On Twitter, the above tweeted, " NAB show summary for Tablet TV (TTV) launch-*spectacular success on day 2 & 3 says MTV#nab2014#nabshow. motivetelevision.co.uk/english/motive..."
Please go to Twitter to check. I dont need to inform that the above is Professor Bryan Foss of MTV. Fri, 11 April, 2014. Busy so cant fetch Professor Foss*s c.v from the MTV website on www.motivetelevision.co.uk. Please check.
Responsibility for CE marking lies with whoever puts the product on the market in the EU, i.e. an EU-based manufacturer, the importer or distributor of a product made outside the EU, or an EU-based office of a non-EU manufacturer.
The manufacturer of a product affixes the CE marking to it but has to take certain obligatory steps before the product can bear CE marking. The manufacturer must carry out a conformity assessment, set up an electromagnetic comprehensiveness technical file and sign an EC declaration of conformity. The documentation has to be made available to authorities on request.
Importers of products have to verify that the manufacturer outside the EU has undertaken the necessary steps and that the documentation is available upon request. Importers should also make sure that contact with the manufacturer can always be established.
Distributors must be able to demonstrate to national authorities that they have acted with due care and they must have affirmation from the manufacturer or importer that the necessary measures have been taken.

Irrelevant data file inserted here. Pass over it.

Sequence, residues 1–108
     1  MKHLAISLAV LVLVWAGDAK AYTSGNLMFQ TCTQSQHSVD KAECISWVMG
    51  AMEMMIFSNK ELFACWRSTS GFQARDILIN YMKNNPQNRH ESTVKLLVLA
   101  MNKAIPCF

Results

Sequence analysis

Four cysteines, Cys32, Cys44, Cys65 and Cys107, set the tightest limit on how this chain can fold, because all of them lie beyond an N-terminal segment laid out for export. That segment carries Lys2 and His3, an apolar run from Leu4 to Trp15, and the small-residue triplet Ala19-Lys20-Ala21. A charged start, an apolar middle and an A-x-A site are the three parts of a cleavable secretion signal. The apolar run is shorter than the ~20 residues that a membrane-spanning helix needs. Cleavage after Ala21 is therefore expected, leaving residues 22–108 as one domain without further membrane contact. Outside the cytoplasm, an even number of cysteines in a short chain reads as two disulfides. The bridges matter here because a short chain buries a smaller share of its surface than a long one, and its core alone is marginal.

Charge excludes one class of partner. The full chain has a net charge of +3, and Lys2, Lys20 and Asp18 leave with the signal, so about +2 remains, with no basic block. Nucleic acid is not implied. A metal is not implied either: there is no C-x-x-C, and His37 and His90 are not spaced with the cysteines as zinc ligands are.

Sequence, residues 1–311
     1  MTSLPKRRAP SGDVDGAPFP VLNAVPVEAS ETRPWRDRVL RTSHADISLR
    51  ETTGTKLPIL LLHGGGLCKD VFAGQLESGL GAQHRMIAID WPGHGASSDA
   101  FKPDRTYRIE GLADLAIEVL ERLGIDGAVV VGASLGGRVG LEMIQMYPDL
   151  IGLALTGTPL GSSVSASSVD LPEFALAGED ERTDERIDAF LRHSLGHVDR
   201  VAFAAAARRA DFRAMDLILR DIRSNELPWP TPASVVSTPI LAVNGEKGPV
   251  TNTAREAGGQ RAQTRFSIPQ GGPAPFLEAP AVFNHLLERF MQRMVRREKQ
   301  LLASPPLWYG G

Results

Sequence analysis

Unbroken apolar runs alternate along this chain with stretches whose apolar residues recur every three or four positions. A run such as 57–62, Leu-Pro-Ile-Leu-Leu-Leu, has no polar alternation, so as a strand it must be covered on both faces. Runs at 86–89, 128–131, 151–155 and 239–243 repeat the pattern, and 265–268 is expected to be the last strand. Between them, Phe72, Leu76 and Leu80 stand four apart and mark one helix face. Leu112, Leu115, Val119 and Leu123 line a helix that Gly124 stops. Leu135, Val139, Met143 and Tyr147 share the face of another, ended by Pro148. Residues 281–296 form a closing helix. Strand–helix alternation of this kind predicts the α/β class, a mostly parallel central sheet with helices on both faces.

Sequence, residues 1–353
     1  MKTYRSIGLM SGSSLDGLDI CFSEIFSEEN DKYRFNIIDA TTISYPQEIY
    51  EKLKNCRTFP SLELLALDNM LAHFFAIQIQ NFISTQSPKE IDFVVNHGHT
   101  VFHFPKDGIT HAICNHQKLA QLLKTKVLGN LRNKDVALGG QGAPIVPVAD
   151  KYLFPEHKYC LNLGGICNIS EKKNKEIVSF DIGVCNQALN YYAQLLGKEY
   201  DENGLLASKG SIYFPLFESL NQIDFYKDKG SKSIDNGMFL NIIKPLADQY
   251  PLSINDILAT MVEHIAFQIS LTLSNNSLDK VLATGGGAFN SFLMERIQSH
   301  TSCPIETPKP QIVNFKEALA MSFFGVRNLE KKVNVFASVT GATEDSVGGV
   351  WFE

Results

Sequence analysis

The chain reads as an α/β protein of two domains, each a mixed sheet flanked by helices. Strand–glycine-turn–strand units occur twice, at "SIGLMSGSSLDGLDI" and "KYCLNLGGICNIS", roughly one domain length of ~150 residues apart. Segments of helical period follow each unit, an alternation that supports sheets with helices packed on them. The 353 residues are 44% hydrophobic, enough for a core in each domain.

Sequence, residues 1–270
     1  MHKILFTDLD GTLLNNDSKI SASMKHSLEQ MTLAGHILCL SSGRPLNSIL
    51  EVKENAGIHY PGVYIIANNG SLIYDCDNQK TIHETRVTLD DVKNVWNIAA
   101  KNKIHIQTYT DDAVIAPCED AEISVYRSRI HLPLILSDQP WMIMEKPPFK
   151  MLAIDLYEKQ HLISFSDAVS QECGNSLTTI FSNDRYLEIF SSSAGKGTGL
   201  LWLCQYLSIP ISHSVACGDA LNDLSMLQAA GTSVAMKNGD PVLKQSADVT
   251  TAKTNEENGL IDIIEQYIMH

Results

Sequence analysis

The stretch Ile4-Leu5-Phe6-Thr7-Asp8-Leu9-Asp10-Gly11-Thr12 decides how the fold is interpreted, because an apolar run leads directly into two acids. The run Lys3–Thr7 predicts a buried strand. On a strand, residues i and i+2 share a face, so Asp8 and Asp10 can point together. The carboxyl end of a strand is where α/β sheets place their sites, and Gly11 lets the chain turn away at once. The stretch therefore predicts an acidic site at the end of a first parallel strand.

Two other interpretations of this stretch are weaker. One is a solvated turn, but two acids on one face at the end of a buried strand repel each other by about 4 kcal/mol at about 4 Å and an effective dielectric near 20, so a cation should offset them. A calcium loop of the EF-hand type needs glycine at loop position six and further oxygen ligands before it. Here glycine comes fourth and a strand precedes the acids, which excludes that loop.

its probably been done read this Not all products need CE marking to be traded in the EC; only product categories subject to relevant directives are required (and allowed) to bear CE marking. Most CE-marked products can be placed on the market subject only to an internal production control by the manufacturer (Module A; see Self-certification, below), with no independent check of the conformity of the product with EU legislation; ANEC has cautioned that, amongst other things, CE marking cannot be considered a "safety mark" for consumers.
CE marking is a self-certification scheme. Retailers sometimes refer to products as "CE approved", but the mark does not actually signify approval. Certain categories of products require type-testing by an independent body to ensure conformity with relevant technical standards, but CE-marking in itself does not certify that this has been done
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